- Many of the individuals you see living on the streets are likely to be chronically homeless. These are people who have been homeless for more than a year. Most experience mental illness, substance use disorders, or a have a physical disability. If you see the homeless with a pet, that pet provides companionship and safety from street crime.
- Re-entry for post-incarceration populations benefits from care coordination between clinical and social care organizations. Coordinating housing and access to employment, social support, health care, behavioral, or substance abuse treatments improves re-entry success rates.
Z59.0 Homelessness ICD-10 Codes
Homelessness is a traumatic experience. Unexpected life circumstances can result in individuals becoming temporarily or chronically homeless.
What would you do if you lost everything today? How would you survive without a safe place to sleep, access to food, clothing, or hygiene?
Due to the embarrassment or stigma of being homeless, individuals may hesitate to seek support from community organizations. Homeless persons can experience violence or use hospital emergency rooms as their primary source of medical care.
Community-based staff participating in SDOH assessments, physicians, behavioral and mental health providers, and others can support access and care for the homeless by identifying ICD-10 specific codes in the z59.0 series. These include:
- Z59.0 Homelessness unspecified
- Z59.01 Sheltered homelessness
- Z59.02 Unsheltered homelessness
- Z59.1 Inadequate housing
- Z59.2 Discord with neighbors, lodgers, and landlord
- Z59.3 Problems related to living in residential institution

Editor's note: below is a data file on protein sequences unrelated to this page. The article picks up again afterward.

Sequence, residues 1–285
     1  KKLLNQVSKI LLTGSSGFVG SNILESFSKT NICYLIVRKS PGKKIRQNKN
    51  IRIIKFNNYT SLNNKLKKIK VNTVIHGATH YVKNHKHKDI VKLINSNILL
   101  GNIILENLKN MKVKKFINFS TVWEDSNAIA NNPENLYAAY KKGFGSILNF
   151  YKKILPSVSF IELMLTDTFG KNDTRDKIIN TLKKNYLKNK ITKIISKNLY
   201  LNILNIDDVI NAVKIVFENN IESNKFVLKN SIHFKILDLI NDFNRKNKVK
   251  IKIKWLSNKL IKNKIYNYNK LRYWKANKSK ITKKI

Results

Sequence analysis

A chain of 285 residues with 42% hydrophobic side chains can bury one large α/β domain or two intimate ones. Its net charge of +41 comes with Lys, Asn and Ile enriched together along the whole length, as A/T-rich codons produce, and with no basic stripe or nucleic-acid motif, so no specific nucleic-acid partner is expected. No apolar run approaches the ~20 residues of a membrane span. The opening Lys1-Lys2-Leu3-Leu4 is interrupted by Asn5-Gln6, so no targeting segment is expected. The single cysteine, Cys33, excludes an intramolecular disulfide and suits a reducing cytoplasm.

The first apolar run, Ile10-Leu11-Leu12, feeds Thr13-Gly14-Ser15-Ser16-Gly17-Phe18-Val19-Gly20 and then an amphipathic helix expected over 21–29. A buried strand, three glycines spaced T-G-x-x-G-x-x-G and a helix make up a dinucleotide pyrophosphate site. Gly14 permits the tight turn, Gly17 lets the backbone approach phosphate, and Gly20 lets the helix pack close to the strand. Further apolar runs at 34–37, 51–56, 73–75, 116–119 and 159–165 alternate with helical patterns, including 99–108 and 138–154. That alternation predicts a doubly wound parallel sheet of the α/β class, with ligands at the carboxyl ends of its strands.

- Z59.41 Food insecurity
- Z59.48 Other specified lack of adequate food
- Z59.5 Extreme poverty
- Z59.6 Low income
- Z59.7 Insufficient social insurance and welfare support
- Z59.811 Housing instability, housed, with risk of homelessness
- Z59.812 Housing instability, housed, homelessness in past 12 months
- Z59.819 Housing instability, housed unspecified
- Z59.82 Transportation insecurity
- Z59.86 Financial insecurity
- Z59.87 Material hardship
- Z59.89 Other problems related to housing and economic circumstances
- Z59.9 Problem related to housing and economic circumstances, unspecified
Programs to address homelessness exist in every state. One example is the Housing and Homelessness Division (HHD) within the California Department of Social Services (CDSS).
What It’s Like to Be Homeless
Not all homeless individuals permanently live on the street. Community and clinical organizations with SDOH programs coordinate care and initiate closed loop referrals to provide access to homeless shelters, employment services, food banks, community health centers and other programs.
Below is a description of what it’s like to suddenly become homeless from a man who lost his job. He found shelter at a rescue mission and participated in a back to work program.